Tuesday, February 19, 2013

Tactics - Too Much of a Good Thing?

I have gone back to spending quite a bit of time working on tactics.  I have been using Chess Tempo for this. 

For those who don't know, ChessTempo is a free tactics (and endgames!) website. 

But the question remains...can tactics puzzles be overused?

A couple of years ago I read this excellent post on Dan Heisman's website.  Written by IM David Pruess, the point is made that you will only be able to get so much and nothing more from studying tactics in any given day. 

Essentially the gist of the story is that once you've spent more than perhaps 10-15 minutes on tactics you will not learn anything else that day and additional time is simply wasted effort.

It's an interesting thought, and one that I've been trying to follow.

Does anyone have any different advice that has been given to them by a strong player?


  1. Haven't heard anything different, but it makes intuitive sense to me. It becomes easy to chow down on tactics problems like blitz games. Truly productive study requires hard work and it's difficult to put a high rep. count into something which feels like hard work.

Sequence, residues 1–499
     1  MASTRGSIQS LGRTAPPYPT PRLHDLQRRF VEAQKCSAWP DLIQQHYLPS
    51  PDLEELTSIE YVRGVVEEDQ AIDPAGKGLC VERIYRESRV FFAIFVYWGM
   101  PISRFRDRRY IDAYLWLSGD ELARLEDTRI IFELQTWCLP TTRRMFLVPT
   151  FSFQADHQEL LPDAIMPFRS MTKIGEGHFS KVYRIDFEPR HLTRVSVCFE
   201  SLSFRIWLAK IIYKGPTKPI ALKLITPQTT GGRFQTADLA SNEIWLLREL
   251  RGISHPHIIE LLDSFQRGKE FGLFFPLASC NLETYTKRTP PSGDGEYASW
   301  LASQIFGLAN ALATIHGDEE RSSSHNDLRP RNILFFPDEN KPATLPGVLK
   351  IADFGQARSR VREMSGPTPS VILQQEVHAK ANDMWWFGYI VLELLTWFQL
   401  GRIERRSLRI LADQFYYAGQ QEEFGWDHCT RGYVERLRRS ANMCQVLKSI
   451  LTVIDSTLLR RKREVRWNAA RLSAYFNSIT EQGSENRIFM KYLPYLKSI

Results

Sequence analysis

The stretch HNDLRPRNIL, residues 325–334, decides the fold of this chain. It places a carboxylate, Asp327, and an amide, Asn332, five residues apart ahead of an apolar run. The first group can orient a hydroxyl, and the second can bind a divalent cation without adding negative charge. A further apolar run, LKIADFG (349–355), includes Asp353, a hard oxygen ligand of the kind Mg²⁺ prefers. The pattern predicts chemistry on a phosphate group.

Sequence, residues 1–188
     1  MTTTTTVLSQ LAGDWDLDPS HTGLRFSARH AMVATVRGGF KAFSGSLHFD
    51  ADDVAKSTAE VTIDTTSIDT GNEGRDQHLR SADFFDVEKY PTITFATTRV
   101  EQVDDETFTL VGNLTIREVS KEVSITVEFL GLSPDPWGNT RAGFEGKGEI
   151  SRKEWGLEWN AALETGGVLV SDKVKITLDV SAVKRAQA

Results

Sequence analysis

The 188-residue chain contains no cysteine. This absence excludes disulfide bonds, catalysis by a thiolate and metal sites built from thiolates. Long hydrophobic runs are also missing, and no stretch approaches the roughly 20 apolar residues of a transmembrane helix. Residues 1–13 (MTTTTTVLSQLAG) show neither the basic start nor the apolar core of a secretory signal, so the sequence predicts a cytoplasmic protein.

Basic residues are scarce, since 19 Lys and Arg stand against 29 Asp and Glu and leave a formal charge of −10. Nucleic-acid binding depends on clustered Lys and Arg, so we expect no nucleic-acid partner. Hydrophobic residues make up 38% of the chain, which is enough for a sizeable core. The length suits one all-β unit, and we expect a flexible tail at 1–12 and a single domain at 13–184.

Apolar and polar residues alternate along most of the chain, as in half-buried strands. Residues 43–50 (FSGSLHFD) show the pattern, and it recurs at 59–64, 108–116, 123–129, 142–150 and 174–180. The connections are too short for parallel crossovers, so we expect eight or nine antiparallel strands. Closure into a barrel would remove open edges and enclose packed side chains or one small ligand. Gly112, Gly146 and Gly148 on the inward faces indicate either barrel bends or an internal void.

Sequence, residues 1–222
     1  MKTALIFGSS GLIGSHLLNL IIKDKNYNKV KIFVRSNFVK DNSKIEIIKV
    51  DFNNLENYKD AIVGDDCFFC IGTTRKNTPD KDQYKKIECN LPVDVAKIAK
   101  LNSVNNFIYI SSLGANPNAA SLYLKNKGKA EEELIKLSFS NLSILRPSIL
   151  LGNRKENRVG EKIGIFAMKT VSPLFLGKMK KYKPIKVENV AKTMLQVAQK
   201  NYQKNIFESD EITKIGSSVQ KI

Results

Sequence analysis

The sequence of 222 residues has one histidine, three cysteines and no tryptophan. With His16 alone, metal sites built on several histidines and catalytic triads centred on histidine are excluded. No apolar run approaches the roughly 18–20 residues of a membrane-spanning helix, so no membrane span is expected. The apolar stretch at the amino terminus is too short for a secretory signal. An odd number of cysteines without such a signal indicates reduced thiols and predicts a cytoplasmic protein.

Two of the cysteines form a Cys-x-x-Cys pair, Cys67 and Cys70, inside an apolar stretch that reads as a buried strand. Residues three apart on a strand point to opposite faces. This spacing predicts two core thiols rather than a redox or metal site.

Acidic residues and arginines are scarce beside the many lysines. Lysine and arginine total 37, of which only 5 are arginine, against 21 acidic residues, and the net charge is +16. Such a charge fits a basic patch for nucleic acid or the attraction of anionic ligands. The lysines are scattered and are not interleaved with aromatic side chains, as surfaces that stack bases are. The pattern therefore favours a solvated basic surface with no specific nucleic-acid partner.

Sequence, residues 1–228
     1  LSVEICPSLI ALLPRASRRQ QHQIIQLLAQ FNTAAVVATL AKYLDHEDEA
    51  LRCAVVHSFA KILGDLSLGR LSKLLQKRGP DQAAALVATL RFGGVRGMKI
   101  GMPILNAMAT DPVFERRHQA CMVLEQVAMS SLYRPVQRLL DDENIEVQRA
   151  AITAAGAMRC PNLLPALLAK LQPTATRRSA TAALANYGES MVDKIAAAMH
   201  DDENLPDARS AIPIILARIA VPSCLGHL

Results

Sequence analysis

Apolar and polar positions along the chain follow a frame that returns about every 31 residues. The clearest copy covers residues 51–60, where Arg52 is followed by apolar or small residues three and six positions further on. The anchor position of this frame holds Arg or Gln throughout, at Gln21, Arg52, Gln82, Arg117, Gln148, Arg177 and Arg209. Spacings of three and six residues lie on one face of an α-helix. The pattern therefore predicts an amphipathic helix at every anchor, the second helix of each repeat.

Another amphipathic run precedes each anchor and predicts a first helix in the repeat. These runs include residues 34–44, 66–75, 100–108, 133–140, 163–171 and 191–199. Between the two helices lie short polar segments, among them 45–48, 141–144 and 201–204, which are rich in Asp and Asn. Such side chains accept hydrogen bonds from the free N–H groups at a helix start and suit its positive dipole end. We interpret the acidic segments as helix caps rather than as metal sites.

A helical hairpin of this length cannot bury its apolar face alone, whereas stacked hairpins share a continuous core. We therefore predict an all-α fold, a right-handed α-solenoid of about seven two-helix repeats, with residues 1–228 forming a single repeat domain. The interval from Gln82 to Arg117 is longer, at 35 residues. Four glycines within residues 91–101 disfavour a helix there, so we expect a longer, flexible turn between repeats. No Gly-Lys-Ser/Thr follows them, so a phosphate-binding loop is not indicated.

2. I appreciate that this isn't exactly Pruess' point - he's talking about absorbing patterns - but I feel my point is relevant too.

  3. I think that your point and Pruess's are essentially the same. You can't absorb patterns when you're trying to do too many at once.

    The point you make about blitz it also valid. Blitz is a great tool, but not a substitute for actual study. I've gotten together with people to study before and had it devolve into nothing more than a marathon blitz session. Fun? Yes. Productive? No.

    No pain, no gain.

  4. Any chance that we could see "Fear and Loathing in The Scheveningen" at some point? I'd love to see a gonzo take on chess blogging.

  5. Ha, that would be awesome! As soon as I can get somone to let me play a mainline Scheveningen I will post just that!

    So far since I took the Sicilian back up I have played two games. The first was White against Leo Ma. He took a very poisened pawn and was steamrolled.

    The second was against Alena Huang. The game started 1. e4 c5 2. Nf3 e6 3. Bb5? and after I played 3...a6 I was already equal. I went on to win that game in style as well.